Cerebrospinal fluid and blood flow patterns in idiopathic normal pressure hydrocephalus
A historic sign of good shunt response was the accumulation of tracer in the ventricles after lumbar injection (radionuclide cisternography).9 A modern equivalent of this has been measurement of direction of the mean flow in the aqueduct: It has been reported that this direction is usually reversed in INPH, that is, flowing into the ventricles.11 These findings have been interpreted as disturbances of the CSF dynamics in INPH and suggested to normalize after CSF diversion. However, few of the PC‐MRI studies feature control groups with healthy elderly1 and of those several have employed relatively small and/or non‐age‐matched control groups or a mix of idiopathic and secondary NPH.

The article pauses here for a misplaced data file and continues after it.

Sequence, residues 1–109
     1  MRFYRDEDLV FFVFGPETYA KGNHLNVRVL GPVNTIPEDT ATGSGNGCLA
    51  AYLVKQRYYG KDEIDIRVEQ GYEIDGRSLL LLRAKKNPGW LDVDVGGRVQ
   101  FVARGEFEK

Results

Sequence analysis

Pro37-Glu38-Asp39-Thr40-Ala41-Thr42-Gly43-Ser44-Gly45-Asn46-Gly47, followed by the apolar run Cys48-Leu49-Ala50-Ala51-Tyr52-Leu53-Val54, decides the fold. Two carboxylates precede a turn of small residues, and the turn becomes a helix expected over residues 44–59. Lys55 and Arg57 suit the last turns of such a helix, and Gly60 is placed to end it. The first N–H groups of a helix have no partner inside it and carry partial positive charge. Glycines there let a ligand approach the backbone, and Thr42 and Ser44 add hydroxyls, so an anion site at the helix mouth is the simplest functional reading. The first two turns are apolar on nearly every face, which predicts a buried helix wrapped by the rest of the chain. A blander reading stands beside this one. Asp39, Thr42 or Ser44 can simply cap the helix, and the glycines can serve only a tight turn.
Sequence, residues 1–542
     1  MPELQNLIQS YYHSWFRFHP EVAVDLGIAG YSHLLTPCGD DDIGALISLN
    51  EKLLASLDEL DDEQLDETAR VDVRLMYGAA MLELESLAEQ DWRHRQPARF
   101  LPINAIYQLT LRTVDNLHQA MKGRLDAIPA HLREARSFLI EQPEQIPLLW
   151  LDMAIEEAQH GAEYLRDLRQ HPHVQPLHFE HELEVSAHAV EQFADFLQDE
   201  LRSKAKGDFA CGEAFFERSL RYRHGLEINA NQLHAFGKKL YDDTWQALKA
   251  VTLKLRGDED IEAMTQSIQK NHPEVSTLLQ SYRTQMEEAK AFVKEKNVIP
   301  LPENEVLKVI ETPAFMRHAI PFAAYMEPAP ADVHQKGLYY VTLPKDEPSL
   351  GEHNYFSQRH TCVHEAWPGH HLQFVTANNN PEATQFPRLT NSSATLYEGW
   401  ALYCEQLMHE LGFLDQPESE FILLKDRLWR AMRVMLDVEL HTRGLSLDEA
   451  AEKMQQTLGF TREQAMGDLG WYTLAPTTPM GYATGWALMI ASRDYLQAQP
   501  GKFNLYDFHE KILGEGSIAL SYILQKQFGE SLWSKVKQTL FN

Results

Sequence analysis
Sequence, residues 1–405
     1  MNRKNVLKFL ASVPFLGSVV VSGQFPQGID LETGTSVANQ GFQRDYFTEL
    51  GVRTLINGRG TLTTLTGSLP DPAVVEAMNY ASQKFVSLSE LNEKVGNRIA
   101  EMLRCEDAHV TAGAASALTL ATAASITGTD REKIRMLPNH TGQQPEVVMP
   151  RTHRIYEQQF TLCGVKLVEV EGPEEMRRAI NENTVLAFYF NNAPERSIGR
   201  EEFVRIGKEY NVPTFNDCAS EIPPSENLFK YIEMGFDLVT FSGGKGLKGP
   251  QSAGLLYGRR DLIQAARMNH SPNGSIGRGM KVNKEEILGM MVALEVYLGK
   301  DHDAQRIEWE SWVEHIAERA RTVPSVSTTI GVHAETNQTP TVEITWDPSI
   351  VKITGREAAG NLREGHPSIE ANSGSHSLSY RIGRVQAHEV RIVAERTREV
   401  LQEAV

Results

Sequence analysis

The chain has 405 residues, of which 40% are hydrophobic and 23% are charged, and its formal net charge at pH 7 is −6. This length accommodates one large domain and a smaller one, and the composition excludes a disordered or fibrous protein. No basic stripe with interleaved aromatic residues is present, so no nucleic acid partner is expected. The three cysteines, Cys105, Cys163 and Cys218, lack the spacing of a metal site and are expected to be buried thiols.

Better predictive tests are needed in the clinical practice of INPH.9 But before putting resources into evaluating new predictive models and tests, such as aqueduct flow and aqueduct CSF pulsatility, it is of importance to understand the pathophysiology behind the new biomarkers. Because disturbance of the CSF flow could be caused by changes in intracranial blood flow, these disturbances may be best understood by taking a comprehensive approach to studying the flow dynamics of INPH, including both the net and pulsatile components of blood flow as well as CSF flow. The aim of this study was therefore to describe the dynamic pattern of CSF and cerebral blood flow in typical INPH, classified using the INPH guidelines,15 as compared to age‐matched healthy elderly.